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Regurgitating the election - Martin Scicluna

Don't believe the hype, Malta is still a functioning country

The Times of London devoted a whole page to Malta on November 25 (‘Malta tries to bury new sleaze claims’; ‘If I go back, I will be dead, says bank whistle-blower’). I failed to recognise the depressing picture conveyed in the two reports. This is not to fault what the reporter wrote, but to question his credulousness in taking at face value as dispassionate or impartial what he was told by his informants – all of whom had serious political or personal axes to grind.

Nor did I recognise my country, despite the partisan pseudo-hand-wringing of three Maltese MEPs in the confected “debate” in the European Parliament on the rule of law a fortnight ago. It was largely based on insinuation and innuendo that was malign and untruthful. In an era of fake news, never has Mark Twain’s observation that “a lie can travel half way around the world while the truth is putting on its shoes” carried more resonance.

As to the precious “concerns” of the Europarliamentary group on “the rule of law” and their strutting self-importance in their demands for safe spaces while here (poor dears), it is worth reminding them that they are the representatives of the institution that epitomises the democratic deficit that lies at the heart of Europe, many of them belonging to countries who have only known democracy and the rule of law for less than 30 years, and that tangible proof of wrongdoing, not hearsay, lies at the heart of the rule of law.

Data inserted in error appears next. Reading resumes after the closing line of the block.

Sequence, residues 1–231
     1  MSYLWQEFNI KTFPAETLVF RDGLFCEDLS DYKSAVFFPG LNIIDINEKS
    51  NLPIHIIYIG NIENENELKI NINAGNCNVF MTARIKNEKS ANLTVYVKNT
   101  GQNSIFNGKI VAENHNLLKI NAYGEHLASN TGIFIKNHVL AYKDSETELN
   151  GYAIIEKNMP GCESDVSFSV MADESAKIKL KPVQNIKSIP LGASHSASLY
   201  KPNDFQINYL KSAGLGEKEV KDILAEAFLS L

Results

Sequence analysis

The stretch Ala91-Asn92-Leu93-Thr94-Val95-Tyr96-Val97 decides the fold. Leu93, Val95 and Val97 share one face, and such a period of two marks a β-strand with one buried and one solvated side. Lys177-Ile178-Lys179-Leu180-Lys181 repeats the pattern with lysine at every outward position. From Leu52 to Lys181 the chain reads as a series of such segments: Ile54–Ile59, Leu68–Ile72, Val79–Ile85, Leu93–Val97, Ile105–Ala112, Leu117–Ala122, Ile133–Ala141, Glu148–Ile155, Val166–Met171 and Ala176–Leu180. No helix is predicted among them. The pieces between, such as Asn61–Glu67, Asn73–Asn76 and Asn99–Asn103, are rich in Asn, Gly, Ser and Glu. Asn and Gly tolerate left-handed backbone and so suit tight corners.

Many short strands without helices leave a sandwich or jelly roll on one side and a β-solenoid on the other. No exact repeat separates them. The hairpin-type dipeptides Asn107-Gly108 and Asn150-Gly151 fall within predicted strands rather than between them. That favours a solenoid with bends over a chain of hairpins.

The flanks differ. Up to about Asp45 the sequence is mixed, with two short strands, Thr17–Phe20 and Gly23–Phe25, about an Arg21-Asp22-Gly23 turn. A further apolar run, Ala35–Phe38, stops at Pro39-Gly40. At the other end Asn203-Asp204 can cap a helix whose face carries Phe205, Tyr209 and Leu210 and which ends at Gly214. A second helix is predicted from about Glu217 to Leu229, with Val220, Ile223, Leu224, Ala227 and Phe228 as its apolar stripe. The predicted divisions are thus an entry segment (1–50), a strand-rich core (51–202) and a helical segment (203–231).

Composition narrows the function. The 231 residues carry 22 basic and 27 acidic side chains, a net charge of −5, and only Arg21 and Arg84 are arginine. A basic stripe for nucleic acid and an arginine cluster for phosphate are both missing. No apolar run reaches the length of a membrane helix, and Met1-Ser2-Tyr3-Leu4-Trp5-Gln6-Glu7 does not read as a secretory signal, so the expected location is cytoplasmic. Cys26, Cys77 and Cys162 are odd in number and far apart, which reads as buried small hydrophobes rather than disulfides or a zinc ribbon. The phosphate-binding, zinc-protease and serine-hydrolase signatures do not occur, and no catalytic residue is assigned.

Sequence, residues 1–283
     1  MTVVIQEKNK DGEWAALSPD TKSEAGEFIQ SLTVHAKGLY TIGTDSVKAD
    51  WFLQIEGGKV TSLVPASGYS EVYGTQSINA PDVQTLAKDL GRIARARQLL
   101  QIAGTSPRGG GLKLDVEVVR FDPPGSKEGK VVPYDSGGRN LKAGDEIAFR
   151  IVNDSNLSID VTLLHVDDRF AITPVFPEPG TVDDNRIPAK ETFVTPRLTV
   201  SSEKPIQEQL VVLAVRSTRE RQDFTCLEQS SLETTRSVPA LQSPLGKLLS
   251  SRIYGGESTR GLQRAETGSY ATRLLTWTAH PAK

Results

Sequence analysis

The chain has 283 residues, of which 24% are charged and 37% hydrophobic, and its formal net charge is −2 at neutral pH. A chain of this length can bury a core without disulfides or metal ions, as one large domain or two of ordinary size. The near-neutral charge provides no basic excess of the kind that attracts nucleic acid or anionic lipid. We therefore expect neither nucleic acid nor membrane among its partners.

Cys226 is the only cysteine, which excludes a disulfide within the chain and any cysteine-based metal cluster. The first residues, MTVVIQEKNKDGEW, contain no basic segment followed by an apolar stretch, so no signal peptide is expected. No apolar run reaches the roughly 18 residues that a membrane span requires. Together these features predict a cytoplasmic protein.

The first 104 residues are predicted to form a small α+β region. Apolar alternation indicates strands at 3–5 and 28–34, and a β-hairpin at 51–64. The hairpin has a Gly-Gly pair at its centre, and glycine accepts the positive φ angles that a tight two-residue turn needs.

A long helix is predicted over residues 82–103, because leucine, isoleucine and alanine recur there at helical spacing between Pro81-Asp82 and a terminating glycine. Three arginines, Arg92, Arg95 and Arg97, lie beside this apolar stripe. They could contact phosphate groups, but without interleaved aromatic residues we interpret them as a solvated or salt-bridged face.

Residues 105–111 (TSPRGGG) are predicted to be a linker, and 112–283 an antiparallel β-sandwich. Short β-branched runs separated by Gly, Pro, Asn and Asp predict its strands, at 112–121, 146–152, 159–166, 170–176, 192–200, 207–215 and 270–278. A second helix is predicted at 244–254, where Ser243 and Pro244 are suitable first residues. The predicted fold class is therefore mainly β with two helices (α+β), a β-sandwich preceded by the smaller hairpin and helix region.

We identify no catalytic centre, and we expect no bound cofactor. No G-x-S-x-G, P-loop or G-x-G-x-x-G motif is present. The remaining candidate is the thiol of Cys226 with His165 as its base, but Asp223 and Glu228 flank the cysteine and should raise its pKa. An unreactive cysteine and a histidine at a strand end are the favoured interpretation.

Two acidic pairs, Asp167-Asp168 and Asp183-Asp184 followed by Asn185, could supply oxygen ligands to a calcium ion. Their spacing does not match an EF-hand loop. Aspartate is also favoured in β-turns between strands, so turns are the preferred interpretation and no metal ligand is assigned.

Of course, Malta has been rocked to its constitutional foundations by the assassination of Daphne Caruana Galizia. But the suggestion that it was due to the collapse of democracy or the rule of law in Malta – swallowed whole by a majority of gullible members of the European Parliament – is a calumny put about by those wishing to regurgitate a general election lost five months ago.

Lest we forget, it was an election lost by the Nationalist Party principally as a result of the divisive and insulting politics instigated by a section of that party and a leadership which chose to fight an entire campaign on the valid but electorally unimpressive platform of “good governance”.

The killing of Caruana Galizia has led the same core followers of her blog to invoke the cry of the rule of law in protest. I suspect that many of those leading it and demanding the heads of the Commissioner of Police and the Attorney General in recompense are allowing understandable emotions to sway their judgment.

I am a convinced advocate of the saying: “De mortuis nil nisi bonum dicendem est” (loosely, “Speak no ill of the dead”). But Caruana Galizia’s death cannot be considered without recalling the pivotal part she played in last June’s tumultuous electoral campaign, or being acutely aware of the long shadow it has cast on Maltese life today.

It is tragic to allow toxic tribalism to continue to poison our public life and the gullible minds of those in Brussels and Strasbourg

To recall these facts is not in any way to underestimate her bravery or acuity as an investigative journalist, but to be reminded that she contributed overwhelmingly to the Nationalist Party’s swingeing electoral defeat and to the sorry state in which the party finds itself today.